Imagine this for a second: you are entering your favorite retail store to buy a gorgeous vest listed for $20. You pick it out from the rack, try it on, and gleefully make your way over to the register to buy it.

While standing in line, you notice a shelf next to you. It displays hats on sale for only $1. You then see a makeup box for only $7. Once you finally get to the register, you pick out one of their $10 gift cards for a friend. Finally, your hunger activates when you notice their $2 chocolate bars on the checkout counter.

Although you only planned to spend $20 on a vest, you walk out of this store having spent $40. This is the magic of point of sales marketing.

Alright, that was a bit of an exaggerated example, but you get the gist. Point of sales marketing is a very powerful strategy that can work with various business types. Here’s all you need to know.

What is Point of Sales Marketing?

People in line at a coffee shop.

point of sales marketing

Also known as “POS,” point of sales marketing refers to the display of items that are right near the time and place in which a transaction is completed. In layman’s terms, it’s those little items that customers can spot being sold right at cash registers. POS advertising can also come in the form of a free-standing display unit (FSDU).

Perhaps you’re wondering how an item itself can be classified as an advertisement. It all comes down to marketing strategy.

People don’t usually walk into stores specifically for the items displayed near a checkout counter. These advertisements, however, convince customers to buy on an impulse. This often happens without any words. 

You may also be wondering if this form of advertising truly works on a large scale. Many studies suggest that it’s very beneficial. For instance, a survey conducted by conveys that a whopping 5 in 6 Americans have made an impulse purchase at some point in their lives.  

It’s worth noting that this should not be conflated with point of purchase (POP). This type of advertising is often found in other parts of stores.

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Key Examples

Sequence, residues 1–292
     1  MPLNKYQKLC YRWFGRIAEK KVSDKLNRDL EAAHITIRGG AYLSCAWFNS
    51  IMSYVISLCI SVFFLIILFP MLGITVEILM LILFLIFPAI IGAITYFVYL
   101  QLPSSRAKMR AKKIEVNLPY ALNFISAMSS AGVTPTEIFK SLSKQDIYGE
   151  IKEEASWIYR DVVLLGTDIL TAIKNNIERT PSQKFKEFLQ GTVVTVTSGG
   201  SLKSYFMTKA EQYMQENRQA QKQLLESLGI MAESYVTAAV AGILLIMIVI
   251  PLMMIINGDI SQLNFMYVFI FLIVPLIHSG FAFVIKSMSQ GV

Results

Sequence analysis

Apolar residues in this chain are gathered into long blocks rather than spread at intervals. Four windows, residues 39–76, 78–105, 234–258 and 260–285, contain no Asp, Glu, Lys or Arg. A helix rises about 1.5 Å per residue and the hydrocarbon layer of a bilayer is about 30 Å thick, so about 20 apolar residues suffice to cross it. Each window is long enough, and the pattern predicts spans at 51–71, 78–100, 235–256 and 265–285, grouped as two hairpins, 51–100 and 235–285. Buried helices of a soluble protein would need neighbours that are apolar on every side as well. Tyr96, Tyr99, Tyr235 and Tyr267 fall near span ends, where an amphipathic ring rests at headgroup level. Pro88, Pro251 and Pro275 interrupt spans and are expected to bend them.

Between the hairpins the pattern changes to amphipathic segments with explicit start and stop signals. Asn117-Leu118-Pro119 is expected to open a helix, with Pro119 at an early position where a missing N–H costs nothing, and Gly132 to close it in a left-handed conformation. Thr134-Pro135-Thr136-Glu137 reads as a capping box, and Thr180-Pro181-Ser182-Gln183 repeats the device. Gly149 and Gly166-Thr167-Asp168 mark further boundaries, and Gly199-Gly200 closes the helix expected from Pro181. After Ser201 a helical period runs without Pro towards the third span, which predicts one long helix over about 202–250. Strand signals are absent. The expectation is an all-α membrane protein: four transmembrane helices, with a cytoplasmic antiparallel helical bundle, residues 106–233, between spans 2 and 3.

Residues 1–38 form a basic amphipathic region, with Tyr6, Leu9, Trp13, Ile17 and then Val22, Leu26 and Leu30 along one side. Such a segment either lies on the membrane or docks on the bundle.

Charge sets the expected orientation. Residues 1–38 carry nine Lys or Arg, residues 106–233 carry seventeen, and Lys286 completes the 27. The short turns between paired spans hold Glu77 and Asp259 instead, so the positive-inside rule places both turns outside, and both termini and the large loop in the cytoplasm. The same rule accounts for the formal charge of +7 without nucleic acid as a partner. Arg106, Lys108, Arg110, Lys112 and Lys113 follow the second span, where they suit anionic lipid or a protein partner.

Two people picking food at a convenience store

point of sales marketing

To paint a perfect picture of what point of sales marketing looks like, we must examine its common variations.

Grocery stores are known for their consistent point of sales campaigns. Candybars, gum packs, and magazines line the shelves near every register. They are specifically designed to be showcased whenever a customer unloads their groceries onto the conveyor belt.

Their point of sale display units for candy are structured in a convenient way so that children can see the products in clear view. It’s safe to say that they know what they’re doing.

Many gas stations carry a similar setup, only without the conveyor belts. Stations such as 7-Eleven and Wawa will double as convenience stores.

Beef jerky, cheap vitamins, and fruits are commonly found in these layouts, as well as baked comfort food. They are also known for their cigarette displays. Since tobacco ads have heavy legal restrictions, POS is their primary form of advertisement.

Fast food restaurants will commonly present their deserts, food samples, and gift cards. Some restaurants, such as McDonalds, are known to have a display case filled with Happy Meal toys. 

Retail stores also sell gift cards at their register. They can even have FSDUs filled with accessories, nail polish, or snacks.

How Do I Create A Point of Sales Marketing Campaign?

person checking out at a store counter

point of sales marketing

Creating a working POS marketing campaign depends on the type of business you run and the particular space you choose to advertise in. Fortunately, there are a plethora of options available. 

If you are a retailer who sells their own products, then you’re in luck. Direct communication makes point of sales marketing much more efficient. 

The first thing you need to do is identify your goals. Retailers often use POS to get rid of their overstocked items. It can also be used for highlight new or seasonal product lines.

It is critical to consider the layout of your store. Where do your customers walk in and out of your establishment? What are their eyes naturally drawn to when checking out items? Furthermore, what do your lines usually look like?

If there are multiple lines, with several checkout spaces, its beneficial to place different products on each shelf.

If you are a product manufacturer, there are many ways to ensure that your items are placed in the best places. Product manufacturers are constantly making POS deals with shops such as Acme, Target, and even dollar stores. 

Furthermore, manufacturers will often send agents to certain store locations to view their setup. The products seen near your local Rite Aid register were the subject of negotiations between the retailer and multiple manufacturers. These spots are in high demand. 

Additional Tips

A store counter with products stacked on the wall.

point of sales marketing
  • Use signs, posters, etc. Can draw immediate attention to customers who are about to check out.
  • Make your display pretty. There’s a lot you can do with FSDUs that can attract consumers.
  • Creative and fun setups, colors, fonts within your signs.
  • If you’re a manufacturer aware that your products will be POS, work with complementary colors, mascots, etc.
  • If you’re selling candy, for example, you want your wrappers to be bold, attractive to the eye, and look delicious.
  • Items can be sold on top of some registers with a beautiful display case.
  • People are much more likely to succumb to point of sales ads when there’s a sale/clearance going on.

Although point-of-sales marketing may seem unusual, it is actually a very effective way to quickly sell your product or service.